SINGAPORE - A new Lift Enhancement Programme was announced on Monday (Sept 19) to help town councils modernise their existing Housing Board (HDB) lifts.
Under this programme, the HDB will fund about 90 per cent of the town council's costs to install the recommended enhancement features identified by the Building and Construction Authority (BCA) last week.
About 20,000 lifts are eligible for this programme, which will cost around $450 million. These include lifts not yet equipped with some or all of the enhancement features, and have been in operation for 18 years or less - as of the date of commencement of the new programme.
More implementation details will be provided to the town councils in the coming months.
But the HDB added that town councils will have 10 years to carry out the modernisation works progressively, as part of their maintenance and lift parts replacement regime.
"Concurrently, TCs will replace older lifts with new lift systems progressively as they carry out cyclical replacement for these lifts," the HDB said.
National Development Minister Lawrence Wong said on Monday (Sept 19) that the costs for such enhancements will "pose a considerable financial challenge" to the town councils.
Hence the new programme to help them co-fund the lift works.
"This is a major programme, which will involve significant government expenditure," Mr Wong said in a blog post.
"But given the importance of lifts in our daily lives and in our high-rise HDB living environment, the Government is prepared to commit to this additional spending and maintain high safety standards."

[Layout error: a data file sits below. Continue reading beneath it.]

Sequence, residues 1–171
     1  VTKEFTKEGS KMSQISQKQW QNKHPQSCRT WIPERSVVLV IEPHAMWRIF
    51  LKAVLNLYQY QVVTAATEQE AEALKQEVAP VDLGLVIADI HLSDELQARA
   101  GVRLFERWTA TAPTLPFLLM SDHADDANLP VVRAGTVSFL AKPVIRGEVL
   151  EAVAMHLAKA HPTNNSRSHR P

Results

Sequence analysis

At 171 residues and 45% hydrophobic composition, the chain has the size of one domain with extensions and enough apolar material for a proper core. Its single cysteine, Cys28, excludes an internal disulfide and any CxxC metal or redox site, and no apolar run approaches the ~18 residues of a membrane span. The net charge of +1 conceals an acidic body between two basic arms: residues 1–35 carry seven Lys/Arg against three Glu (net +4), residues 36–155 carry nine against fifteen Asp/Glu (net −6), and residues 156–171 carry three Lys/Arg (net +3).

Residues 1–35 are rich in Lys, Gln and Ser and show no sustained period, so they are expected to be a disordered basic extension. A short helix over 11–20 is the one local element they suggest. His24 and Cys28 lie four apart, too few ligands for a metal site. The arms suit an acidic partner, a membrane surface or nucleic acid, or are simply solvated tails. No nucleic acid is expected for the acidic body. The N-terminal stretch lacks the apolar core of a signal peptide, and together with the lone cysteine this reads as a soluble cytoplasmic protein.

He added: "With higher expected long-term expenditures, town councils will likely need to contribute more to their sinking funds, and set aside more funds for future lift replacements through a new Lift Replacement Fund."
Mr Wong said that while the total sinking fund balance across all town councils is about $1 billion, it is not sufficient in the long run.
"This may sound like a healthy amount, but it is still not sufficient to cover the cost of future lift replacements which is estimated at almost $3 billion from now to 2035 (for some 11,500 lifts across all HDB estates)," he said.
"Besides lifts, there will be other cyclical maintenance and replacement works such as facade repair of HDB blocks, cyclical repainting, and replacement of water pipes/tanks. These expenses will also go up as estate infrastructure ages."
Mr Wong added that his ministry will be asking all town councils to prepare and submit their financial projections for their sinking funds over the next 10 to 30 years.
"These projections will enable us to assess the appropriate levels of contribution to the TC Sinking Funds and Lift Replacement Funds," he said.
"All TCs must take a long-term view and start planning now for asset and lift replacements in their estates," said Mr Wong.
"This is the basis of Singapore's success. We do not leave things to chance. But we look over the horizon, plan, and prepare for the future. This is the way to ensure a good and safe HDB living environment for all Singaporeans."
Last week, the BCA had recommended a list of items to modernise existing lifts here in order to boost lift safety.
This comes after a spate of lift accidents in HDB blocks in the past year.
The modernisation recommendations include protective devices to prevent unintended movement and overspeeding by lift cars and light curtain sensors for lift doors.
About a third of all the 61,000 passenger lifts in Singapore are found in HDB estates.